This article focuses on the steps you should take following a car accident that wasn’t your fault. However, it’s important to reiterate that you should never admit fault after a road traffic collision, regardless of whether you believe you may have played a role in the incident.

Call the Police

Even if you’ve only been in a minor car accident, you will need to inform the police of the accident. When the police arrive at the scene of the collision, they will ask you and the other drivers involved a variety of questions to assess fault and liability.

They will use the information they gather from you and the other people involved to create an official police report, which may become crucial evidence in the event of a compensation claim via your insurance company.

Contact Your Insurance Provider

Get in touch with your insurance company as soon as you can to let them know about the accident. They may ask for details about the incident and for any evidence you’ve collected at the scene, such as photographs of car accident injuries and vehicle damage.

While you may not remember many details about the traumatic event you’ve been through, it’s important to provide accurate information to your insurer. They will use this information to determine who is liable for the accident.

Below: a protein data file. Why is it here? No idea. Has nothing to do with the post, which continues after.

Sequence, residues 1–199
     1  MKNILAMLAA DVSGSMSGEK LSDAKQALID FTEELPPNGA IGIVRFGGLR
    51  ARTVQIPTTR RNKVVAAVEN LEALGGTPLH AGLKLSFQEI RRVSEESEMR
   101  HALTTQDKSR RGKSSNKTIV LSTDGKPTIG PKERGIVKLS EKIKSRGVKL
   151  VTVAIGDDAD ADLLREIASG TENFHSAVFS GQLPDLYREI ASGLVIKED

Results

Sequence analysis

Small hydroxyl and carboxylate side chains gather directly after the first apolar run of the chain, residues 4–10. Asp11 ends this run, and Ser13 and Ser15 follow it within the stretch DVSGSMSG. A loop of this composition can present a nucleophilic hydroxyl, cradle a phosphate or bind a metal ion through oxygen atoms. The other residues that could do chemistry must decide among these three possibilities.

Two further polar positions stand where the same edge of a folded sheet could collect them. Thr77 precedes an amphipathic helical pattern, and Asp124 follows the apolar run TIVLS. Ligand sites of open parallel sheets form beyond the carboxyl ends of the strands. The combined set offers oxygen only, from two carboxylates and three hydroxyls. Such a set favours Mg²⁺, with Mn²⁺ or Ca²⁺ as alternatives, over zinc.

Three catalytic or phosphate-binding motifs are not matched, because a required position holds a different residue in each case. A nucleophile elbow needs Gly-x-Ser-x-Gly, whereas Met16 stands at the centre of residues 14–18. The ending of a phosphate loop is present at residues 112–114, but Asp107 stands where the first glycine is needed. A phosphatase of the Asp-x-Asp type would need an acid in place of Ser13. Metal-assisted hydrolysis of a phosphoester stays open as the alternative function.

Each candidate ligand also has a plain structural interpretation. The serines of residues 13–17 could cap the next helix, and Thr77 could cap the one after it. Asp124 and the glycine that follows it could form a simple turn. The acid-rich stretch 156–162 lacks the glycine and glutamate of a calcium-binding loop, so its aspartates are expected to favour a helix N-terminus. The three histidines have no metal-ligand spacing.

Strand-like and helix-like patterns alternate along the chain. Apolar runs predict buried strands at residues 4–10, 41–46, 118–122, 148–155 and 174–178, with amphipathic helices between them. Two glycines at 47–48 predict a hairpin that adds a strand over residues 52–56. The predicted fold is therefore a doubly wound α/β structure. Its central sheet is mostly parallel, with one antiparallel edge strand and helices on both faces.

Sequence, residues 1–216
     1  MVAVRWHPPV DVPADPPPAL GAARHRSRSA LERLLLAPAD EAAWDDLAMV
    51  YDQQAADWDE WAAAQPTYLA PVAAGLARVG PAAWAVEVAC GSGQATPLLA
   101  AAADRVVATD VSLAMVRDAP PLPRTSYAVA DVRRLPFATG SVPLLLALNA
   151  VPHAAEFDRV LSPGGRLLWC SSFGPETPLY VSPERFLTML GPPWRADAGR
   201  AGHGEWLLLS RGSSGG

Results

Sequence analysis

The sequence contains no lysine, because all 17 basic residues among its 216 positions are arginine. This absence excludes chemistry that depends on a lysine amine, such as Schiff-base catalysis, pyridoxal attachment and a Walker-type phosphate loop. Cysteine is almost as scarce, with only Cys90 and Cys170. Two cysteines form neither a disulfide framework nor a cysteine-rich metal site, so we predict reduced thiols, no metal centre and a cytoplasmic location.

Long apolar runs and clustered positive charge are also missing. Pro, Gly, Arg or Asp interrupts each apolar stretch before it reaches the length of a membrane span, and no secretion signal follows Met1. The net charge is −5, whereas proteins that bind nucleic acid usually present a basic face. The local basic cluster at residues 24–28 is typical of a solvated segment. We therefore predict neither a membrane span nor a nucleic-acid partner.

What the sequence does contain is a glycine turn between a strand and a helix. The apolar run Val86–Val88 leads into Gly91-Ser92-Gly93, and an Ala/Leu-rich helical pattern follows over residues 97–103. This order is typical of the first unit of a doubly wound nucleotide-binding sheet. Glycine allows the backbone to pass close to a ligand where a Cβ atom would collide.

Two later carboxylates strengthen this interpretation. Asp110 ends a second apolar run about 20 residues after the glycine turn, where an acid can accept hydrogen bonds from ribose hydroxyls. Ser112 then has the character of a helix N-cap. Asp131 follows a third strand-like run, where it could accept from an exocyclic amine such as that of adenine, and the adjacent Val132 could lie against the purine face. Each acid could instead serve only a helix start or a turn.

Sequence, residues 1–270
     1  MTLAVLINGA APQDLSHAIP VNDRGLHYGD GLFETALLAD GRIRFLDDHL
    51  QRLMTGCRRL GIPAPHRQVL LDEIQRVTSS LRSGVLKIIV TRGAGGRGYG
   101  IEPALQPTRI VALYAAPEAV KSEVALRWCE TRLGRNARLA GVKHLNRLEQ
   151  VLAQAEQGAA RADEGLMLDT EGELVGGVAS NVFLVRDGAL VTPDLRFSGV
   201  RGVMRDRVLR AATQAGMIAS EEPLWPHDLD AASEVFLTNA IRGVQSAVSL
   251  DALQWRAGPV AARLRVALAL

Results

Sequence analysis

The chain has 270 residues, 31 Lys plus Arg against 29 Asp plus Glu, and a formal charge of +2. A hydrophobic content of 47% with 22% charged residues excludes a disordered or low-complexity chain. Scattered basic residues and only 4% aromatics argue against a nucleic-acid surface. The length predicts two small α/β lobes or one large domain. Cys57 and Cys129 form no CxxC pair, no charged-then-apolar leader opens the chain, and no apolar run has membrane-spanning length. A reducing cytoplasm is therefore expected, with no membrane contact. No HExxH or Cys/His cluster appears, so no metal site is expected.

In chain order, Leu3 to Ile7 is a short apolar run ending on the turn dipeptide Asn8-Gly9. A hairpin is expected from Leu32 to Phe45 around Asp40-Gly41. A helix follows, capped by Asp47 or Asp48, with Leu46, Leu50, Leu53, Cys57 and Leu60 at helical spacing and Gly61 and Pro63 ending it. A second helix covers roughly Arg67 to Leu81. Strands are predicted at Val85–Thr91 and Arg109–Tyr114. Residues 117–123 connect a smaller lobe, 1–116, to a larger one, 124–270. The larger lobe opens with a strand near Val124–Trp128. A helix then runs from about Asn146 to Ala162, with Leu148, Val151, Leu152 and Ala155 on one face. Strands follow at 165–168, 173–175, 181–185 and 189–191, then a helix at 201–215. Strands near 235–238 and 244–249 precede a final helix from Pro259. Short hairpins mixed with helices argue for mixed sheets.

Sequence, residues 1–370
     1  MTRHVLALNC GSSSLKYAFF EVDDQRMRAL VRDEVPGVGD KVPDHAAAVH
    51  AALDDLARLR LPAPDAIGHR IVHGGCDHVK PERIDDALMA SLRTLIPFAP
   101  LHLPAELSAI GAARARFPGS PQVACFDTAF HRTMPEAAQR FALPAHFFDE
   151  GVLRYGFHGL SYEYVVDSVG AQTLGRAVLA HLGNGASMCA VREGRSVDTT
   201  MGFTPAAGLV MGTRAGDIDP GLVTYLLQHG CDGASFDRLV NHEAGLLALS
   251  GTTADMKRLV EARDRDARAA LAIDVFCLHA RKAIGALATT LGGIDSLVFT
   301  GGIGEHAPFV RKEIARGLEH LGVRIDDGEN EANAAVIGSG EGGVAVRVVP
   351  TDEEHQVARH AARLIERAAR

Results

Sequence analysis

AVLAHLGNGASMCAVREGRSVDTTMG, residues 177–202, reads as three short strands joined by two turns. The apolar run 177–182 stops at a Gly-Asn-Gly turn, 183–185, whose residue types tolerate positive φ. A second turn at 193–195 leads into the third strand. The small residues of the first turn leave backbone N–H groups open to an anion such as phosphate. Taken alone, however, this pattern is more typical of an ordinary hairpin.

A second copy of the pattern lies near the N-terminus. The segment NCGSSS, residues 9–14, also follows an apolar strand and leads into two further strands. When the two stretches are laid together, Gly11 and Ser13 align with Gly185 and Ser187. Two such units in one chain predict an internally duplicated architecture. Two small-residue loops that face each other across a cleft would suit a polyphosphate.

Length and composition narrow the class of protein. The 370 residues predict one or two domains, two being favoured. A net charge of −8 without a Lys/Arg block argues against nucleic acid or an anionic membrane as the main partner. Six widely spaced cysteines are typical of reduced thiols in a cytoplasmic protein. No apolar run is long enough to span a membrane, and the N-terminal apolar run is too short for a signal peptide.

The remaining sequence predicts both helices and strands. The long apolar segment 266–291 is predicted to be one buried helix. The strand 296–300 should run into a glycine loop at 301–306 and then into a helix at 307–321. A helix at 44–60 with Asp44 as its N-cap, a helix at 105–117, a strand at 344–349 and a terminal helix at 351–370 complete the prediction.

Your insurance provider may collaborate with the police and the other driver’s insurer. They will exchange and cross-reference information as part of their investigations.

Hire a Car Accident Lawyer

If you’re dealing with issues regarding who is at fault for the accident or the responsible driver won’t admit their own fault in the accident, you may need to contact a car accident lawyer. A qualified attorney will work closely with you to identify liability and negotiate with insurance companies on your behalf, enabling you to take time to recover from your injuries and trauma.

Your lawyer can guide you through the legal process of claiming against another driver for compensation following a road traffic accident. If you want to escalate your case further, they will represent you in court to ensure you get the compensation you deserve.